During this period, he is imbued with the idea that he, the “real”, and the “real” Sophia are eternal spirits that can neither grow old, nor die, nor feel any limitation.
But how to get there, to this realm of eternity? Through death. Death is awakening. At first he clutched at the thought of suicide, but he had an inner instinct that warned him; he tried to justify it philosophically, saying that violent death does not complete earthly life, does not open the way to eternity. He created such a theory: one must be able to die. He believed that he should gradually melt away. As a candle melts from fire, so man must melt from love. Love must burn him with its flame. He rejoiced when his illness intensified, for he felt it as a touch of another world. He told those around him that he would die early, and he said this with quiet joy, with admiration.
This is his mood of thirst for death and apotheosis – the otherworldly connection with Sophia, that he expressed in his famous Hymns to the Night. These are truly wondrous prayers to nothingness. But this is something different from Tyutchev’s. It seemed to Tyutchev that the day was something illusory. The ray of dawn seems to be pink and clear, but behind it lies the night, a much more powerful root phenomenon: it is chaos. If Tyutchev’s night is mysterious, inhuman, then it is not at all the same with Hardenberg. He says: “The night, like a mother, holds the day, her baby.” For him, the day is a relatively fleeting, young, immature creation, which the night creates from itself, like some kind of fruit for a purpose that is not entirely clear to us. The whole point is in the night, and the night is rest. But it only seems to us that peace is a deaf non-existence, but in fact it is an inner gigantic being, for which the existence of a person is only an insignificant external excitation, perhaps necessary for some eternal purposes. Physically, Novalis felt worse and worse. In part, perhaps, with his eternal thoughts about death, he undermined his body, which, according to contemporaries, was not fragile at first.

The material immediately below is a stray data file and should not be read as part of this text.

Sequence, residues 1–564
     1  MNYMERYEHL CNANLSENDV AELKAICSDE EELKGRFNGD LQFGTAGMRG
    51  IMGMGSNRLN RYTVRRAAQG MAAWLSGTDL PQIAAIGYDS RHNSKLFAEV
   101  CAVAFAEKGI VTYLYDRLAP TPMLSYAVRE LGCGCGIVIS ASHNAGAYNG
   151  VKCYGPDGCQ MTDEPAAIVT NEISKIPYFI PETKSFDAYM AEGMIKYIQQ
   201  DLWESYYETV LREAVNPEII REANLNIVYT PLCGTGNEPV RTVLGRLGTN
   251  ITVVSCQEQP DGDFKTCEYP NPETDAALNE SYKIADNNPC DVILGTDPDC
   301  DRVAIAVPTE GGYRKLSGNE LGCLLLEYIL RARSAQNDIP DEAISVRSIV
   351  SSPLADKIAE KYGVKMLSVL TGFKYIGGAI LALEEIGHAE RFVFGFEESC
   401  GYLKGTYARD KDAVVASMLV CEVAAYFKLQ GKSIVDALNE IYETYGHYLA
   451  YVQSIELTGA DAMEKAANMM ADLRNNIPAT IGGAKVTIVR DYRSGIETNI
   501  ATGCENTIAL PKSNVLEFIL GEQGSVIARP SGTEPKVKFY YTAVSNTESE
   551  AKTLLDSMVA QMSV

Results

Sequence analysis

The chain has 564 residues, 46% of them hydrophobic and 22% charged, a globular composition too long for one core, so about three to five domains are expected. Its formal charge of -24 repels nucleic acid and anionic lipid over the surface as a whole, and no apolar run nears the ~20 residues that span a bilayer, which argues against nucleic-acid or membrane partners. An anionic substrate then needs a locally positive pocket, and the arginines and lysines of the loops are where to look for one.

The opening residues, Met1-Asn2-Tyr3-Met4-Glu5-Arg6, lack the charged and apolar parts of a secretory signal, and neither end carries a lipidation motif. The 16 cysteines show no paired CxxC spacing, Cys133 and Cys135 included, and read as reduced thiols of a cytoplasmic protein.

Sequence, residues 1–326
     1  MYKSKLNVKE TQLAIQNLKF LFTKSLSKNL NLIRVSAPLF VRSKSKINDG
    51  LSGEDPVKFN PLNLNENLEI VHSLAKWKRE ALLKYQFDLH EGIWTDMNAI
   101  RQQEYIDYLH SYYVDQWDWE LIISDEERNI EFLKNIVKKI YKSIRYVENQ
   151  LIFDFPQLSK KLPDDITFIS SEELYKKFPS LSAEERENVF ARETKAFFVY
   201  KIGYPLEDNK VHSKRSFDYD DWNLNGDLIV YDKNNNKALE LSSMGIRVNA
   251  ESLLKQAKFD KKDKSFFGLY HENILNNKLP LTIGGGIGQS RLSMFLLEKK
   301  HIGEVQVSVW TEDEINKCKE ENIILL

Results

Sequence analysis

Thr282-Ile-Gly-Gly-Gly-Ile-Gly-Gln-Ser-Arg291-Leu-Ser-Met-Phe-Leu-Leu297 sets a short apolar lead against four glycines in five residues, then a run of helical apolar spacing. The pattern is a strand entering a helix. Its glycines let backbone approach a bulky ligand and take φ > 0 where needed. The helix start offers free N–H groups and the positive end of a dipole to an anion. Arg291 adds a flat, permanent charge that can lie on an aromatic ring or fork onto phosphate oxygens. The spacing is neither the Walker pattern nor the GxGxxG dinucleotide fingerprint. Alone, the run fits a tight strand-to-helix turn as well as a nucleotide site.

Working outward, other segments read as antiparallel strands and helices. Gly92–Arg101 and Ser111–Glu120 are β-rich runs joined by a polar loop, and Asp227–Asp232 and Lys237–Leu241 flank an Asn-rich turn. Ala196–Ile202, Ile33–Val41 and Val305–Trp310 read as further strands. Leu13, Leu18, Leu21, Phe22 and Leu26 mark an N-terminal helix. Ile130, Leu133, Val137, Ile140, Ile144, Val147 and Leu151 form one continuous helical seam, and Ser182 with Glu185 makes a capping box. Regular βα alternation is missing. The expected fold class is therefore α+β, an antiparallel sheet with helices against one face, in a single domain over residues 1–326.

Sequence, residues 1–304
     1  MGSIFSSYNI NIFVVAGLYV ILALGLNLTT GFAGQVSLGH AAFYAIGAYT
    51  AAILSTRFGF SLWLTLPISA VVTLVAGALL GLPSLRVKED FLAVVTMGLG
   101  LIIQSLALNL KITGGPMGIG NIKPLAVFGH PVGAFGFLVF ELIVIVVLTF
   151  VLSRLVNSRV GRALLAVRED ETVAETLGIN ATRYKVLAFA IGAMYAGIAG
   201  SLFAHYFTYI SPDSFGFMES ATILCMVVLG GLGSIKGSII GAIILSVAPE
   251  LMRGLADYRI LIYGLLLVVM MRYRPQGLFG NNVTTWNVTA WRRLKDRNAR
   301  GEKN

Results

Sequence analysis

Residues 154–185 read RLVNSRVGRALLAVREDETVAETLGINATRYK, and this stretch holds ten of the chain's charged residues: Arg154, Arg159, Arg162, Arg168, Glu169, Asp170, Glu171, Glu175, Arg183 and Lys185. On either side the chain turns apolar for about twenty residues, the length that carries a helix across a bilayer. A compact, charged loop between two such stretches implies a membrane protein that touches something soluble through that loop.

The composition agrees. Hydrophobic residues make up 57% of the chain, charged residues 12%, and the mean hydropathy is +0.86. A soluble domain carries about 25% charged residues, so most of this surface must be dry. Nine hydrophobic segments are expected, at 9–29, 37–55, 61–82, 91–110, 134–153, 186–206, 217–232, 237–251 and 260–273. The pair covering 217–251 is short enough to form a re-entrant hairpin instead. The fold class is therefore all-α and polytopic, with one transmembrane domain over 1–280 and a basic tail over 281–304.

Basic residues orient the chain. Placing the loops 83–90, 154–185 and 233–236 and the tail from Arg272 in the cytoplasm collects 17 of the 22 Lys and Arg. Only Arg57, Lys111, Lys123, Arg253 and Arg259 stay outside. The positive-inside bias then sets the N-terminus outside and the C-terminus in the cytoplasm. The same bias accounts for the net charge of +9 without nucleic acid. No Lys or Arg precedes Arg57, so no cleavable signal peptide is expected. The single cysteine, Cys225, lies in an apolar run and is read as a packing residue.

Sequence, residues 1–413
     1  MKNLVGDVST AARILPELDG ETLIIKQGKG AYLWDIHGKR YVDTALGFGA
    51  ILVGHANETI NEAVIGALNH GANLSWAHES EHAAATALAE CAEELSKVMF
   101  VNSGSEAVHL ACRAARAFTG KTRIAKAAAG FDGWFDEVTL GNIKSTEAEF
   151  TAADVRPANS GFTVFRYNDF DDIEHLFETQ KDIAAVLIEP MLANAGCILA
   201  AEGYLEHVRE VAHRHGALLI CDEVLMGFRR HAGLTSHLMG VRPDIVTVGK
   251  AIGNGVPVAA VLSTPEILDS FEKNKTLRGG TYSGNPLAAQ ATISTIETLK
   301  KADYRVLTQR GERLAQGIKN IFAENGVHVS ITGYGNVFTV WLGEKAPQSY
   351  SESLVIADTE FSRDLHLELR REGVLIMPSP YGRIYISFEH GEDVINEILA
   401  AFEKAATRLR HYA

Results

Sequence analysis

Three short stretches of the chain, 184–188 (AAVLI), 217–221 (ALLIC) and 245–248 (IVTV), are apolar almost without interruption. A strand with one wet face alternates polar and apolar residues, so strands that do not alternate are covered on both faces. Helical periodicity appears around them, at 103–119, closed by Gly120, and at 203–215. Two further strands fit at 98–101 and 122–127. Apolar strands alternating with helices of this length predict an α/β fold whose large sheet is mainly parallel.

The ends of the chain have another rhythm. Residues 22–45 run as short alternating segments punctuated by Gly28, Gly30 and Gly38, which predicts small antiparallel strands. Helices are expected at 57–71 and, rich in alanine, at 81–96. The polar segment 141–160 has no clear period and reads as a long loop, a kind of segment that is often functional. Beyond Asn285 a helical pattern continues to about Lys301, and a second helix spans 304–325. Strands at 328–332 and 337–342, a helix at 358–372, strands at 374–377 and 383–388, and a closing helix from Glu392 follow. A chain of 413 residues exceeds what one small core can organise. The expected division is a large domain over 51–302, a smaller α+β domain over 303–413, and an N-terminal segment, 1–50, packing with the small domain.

But in the last period of his life (Hardenberg died at the age of twenty-six) a change took place in him. He began to value life. He said that death is attractive in itself, but life is not given to us in vain. This wonderful world, the wondrous world that surrounds us, is not an empty phantom. Novalis declared that he was entirely adjacent to the “practical idea”.
What was this practical idea? In the subordination of the world to man and in the remaking of the world by man. At first glance, this sounds almost Marxist. This is startling at first. The task of man, according to Novalis, is purely practical. Nothing that exists apart from human practice matters. Only in practice does a person find the meaning of his being. And the practice boils down to the fact that a person must overcome the world, a person must take the world into his own hands and become its master.